Do this two more times and then you get certified, and after passing a comprehensive medical exam you can now be eligible for a rig visit. This is overkill I know, but training does pay off. Just last a year a chopper carrying rig workers in Terengganu fell into the sea. Only the pilot was killed but the rest survived.
The HUET course needs to be done every three years. I did mine at a rather rigorous facility along with some Singapore’s Israeli-trained air force pilots in Loyang, Singapore. The whole she-bang (as a mandor I needed the extra courses) took five days which included advanced fire-fighting, CPR and all that good stuff.
The chopper thing in Singapore, although scary, pales in comparison to advanced fire-fighting training. Fire-fighters get all my respect. Imagine being in full fire-fighting gear (without a real fire it’s already like a sauna in there): helmet, full faced mask and an oxygen bottle that’s going to last me 15 minutes. The scenario is like this: On the word go I enter a building (in a totally blacked-out warehouse in Loyang stacked with containers). No flashlight. The idea is in a real-life situation there’s so much smoke it is pitch black. My goal is to enter into the container-mazes inside the dark warehouse, crawling makeshift tunnels to find a life-sized dummy and bring it out. We do this in pairs like in a buddy system. After a while you get disoriented and it didn’t help matters that my partner was the claustrophobic sort. At the ten minute mark with impediments, boxes, oil drums here and there, we knew we’re going to fail.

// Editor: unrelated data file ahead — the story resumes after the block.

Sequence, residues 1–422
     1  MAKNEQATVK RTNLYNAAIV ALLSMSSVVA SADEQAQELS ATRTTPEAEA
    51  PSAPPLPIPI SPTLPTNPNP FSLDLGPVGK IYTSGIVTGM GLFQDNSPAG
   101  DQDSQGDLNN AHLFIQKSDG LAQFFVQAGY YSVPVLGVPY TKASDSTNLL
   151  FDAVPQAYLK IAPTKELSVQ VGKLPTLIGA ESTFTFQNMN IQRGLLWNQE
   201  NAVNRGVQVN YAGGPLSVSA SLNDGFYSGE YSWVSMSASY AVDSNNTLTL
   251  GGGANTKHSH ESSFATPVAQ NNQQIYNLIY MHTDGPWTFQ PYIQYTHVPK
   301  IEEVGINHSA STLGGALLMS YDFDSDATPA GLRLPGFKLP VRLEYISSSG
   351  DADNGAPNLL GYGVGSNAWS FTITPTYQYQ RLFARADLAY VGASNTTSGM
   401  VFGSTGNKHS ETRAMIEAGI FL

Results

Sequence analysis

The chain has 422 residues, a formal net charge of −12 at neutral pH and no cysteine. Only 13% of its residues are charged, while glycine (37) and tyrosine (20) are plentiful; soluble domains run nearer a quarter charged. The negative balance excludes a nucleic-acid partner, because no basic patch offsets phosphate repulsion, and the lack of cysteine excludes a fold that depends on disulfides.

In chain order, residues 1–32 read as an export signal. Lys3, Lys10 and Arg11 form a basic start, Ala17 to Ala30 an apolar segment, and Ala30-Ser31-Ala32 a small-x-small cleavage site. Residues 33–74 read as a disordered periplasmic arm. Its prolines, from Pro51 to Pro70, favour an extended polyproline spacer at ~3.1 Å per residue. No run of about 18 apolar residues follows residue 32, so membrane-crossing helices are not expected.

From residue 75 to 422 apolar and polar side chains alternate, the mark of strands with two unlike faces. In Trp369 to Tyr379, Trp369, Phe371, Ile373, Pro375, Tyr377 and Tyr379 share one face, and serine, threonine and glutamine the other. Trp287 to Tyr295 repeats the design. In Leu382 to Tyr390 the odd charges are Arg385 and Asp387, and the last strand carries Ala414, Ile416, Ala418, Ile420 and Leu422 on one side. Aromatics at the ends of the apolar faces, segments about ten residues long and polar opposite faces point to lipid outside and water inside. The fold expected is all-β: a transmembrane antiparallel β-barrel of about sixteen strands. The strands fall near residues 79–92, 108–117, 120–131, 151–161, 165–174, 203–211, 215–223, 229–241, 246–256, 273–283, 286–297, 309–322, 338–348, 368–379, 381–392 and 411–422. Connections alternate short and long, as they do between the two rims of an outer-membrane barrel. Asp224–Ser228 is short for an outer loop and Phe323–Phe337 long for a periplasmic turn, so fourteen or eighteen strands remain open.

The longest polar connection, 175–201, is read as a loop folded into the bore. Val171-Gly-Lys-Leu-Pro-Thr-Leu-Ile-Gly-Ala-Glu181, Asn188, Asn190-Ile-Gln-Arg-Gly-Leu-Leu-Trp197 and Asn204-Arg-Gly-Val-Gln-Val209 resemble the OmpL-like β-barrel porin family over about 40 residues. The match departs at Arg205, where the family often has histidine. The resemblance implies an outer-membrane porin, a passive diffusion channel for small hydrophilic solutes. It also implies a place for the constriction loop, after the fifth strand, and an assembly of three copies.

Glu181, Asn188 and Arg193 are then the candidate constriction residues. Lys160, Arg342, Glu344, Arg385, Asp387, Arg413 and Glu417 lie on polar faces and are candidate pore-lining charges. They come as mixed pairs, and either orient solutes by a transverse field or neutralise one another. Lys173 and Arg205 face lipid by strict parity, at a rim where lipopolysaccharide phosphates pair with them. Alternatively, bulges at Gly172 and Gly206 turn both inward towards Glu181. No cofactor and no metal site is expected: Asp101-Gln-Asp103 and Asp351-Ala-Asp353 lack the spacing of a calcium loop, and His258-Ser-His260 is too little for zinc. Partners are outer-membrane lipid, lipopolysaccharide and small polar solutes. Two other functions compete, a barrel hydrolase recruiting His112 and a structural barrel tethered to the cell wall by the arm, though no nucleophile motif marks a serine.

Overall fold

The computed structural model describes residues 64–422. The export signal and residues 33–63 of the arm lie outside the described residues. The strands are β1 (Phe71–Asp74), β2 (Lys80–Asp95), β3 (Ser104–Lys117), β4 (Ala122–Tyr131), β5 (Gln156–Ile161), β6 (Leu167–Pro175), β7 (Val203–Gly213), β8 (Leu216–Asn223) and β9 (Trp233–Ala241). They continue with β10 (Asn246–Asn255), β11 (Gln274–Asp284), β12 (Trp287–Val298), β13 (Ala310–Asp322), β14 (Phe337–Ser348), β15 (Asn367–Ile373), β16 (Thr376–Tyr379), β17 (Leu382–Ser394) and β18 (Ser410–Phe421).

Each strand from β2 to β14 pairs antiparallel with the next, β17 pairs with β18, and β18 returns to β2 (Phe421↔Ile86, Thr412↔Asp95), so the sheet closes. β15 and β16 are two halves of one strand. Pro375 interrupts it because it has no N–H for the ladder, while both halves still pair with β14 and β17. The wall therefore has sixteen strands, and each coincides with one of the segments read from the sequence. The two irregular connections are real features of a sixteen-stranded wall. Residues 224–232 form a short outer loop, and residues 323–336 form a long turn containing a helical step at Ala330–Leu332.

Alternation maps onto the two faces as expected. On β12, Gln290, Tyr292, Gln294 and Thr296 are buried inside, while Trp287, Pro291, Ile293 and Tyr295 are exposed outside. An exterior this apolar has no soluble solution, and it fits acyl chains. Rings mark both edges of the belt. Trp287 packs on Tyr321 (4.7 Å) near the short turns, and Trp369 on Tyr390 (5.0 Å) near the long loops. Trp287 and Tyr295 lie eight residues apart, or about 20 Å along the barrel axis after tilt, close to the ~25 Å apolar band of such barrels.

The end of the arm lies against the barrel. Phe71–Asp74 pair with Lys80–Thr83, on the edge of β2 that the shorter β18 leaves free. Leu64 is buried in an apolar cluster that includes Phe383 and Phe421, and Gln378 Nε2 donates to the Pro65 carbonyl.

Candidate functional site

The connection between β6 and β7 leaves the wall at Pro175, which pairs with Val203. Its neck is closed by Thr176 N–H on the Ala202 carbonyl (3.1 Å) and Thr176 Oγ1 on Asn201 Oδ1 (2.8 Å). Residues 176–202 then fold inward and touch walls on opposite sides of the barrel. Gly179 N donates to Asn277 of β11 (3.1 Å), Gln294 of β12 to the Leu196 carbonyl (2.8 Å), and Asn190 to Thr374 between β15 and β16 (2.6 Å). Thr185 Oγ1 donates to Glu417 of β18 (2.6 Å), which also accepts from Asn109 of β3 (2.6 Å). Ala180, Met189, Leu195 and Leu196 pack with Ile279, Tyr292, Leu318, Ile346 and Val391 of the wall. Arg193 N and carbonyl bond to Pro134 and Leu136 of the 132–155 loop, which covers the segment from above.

So I cheated. This is where being a smoker comes in handy. I told my buddy to turn the oxygen spigot off. “Screw this,” I said. “Else we’ll never find that blow-up doll”. I pulled my trusty Zippo and lo and behold, in another minute we found our target. Of course, near the exit we don our masks back on and the former Canadian Coast Guard instructor was suitably impressed. But when he checked our oxygen bottles he knew they were air still left in them when other teams usually finish off theirs. I could never look him in the eye after that.
The HUET in Loyang was another matter altogether. Now I was to rub shoulders with elite Israeli-trained crack fighter pilots. What these uber-kiasus didn’t know was I was a pretty decent swimmer. Back in the seventies I represented my school up to state level and even participated in National meets. 400m and 800m ‘kuak dada’ was my specialty. By Form Two I not only had the Bronze Medallion but also the higher Bronze Cross life saving certificates under my belt. To be a pool lifesaver you only need the ‘Medallion’ and I guarantee you only some of the 5-star hotels have these paper-qualified lifeguards.